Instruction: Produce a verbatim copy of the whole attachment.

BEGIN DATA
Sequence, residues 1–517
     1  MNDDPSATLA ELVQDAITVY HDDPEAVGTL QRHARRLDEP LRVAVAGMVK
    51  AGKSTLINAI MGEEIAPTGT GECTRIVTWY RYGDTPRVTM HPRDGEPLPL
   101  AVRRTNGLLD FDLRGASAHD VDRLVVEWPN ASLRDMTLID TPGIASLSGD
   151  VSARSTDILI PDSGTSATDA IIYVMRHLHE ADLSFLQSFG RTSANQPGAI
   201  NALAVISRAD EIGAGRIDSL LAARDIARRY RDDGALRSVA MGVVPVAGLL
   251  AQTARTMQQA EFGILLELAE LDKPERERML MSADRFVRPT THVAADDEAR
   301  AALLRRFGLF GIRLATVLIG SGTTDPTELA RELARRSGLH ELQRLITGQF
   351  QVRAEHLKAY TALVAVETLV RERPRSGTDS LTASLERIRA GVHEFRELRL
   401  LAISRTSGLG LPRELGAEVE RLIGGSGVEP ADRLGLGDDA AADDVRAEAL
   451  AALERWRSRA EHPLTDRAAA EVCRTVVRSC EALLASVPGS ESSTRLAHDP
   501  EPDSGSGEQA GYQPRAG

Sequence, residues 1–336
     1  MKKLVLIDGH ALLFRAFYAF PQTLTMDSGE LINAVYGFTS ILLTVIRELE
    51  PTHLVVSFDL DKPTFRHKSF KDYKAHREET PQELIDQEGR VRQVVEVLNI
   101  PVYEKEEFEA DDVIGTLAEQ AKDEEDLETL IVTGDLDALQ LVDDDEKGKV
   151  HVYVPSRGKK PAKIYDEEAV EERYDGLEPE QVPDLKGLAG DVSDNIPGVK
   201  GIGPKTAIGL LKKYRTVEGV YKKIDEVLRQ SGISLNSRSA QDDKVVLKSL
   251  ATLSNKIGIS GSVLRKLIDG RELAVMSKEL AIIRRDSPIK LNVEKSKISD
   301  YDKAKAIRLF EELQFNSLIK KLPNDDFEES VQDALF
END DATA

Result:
Sequence, residues 1–517
     1  MNDDPSATLA ELVQDAITVY HDDPEAVGTL QRHARRLDEP LRVAVAGMVK
    51  AGKSTLINAI MGEEIAPTGT GECTRIVTWY RYGDTPRVTM HPRDGEPLPL
   101  AVRRTNGLLD FDLRGASAHD VDRLVVEWPN ASLRDMTLID TPGIASLSGD
   151  VSARSTDILI PDSGTSATDA IIYVMRHLHE ADLSFLQSFG RTSANQPGAI
   201  NALAVISRAD EIGAGRIDSL LAARDIARRY RDDGALRSVA MGVVPVAGLL
   251  AQTARTMQQA EFGILLELAE LDKPERERML MSADRFVRPT THVAADDEAR
   301  AALLRRFGLF GIRLATVLIG SGTTDPTELA RELARRSGLH ELQRLITGQF
   351  QVRAEHLKAY TALVAVETLV RERPRSGTDS LTASLERIRA GVHEFRELRL
   401  LAISRTSGLG LPRELGAEVE RLIGGSGVEP ADRLGLGDDA AADDVRAEAL
   451  AALERWRSRA EHPLTDRAAA EVCRTVVRSC EALLASVPGS ESSTRLAHDP
   501  EPDSGSGEQA GYQPRAG

Sequence, residues 1–336
     1  MKKLVLIDGH ALLFRAFYAF PQTLTMDSGE LINAVYGFTS ILLTVIRELE
    51  PTHLVVSFDL DKPTFRHKSF KDYKAHREET PQELIDQEGR VRQVVEVLNI
   101  PVYEKEEFEA DDVIGTLAEQ AKDEEDLETL IVTGDLDALQ LVDDDEKGKV
   151  HVYVPSRGKK PAKIYDEEAV EERYDGLEPE QVPDLKGLAG DVSDNIPGVK
   201  GIGPKTAIGL LKKYRTVEGV YKKIDEVLRQ SGISLNSRSA QDDKVVLKSL
   251  ATLSNKIGIS GSVLRKLIDG RELAVMSKEL AIIRRDSPIK LNVEKSKISD
   301  YDKAKAIRLF EELQFNSLIK KLPNDDFEES VQDALF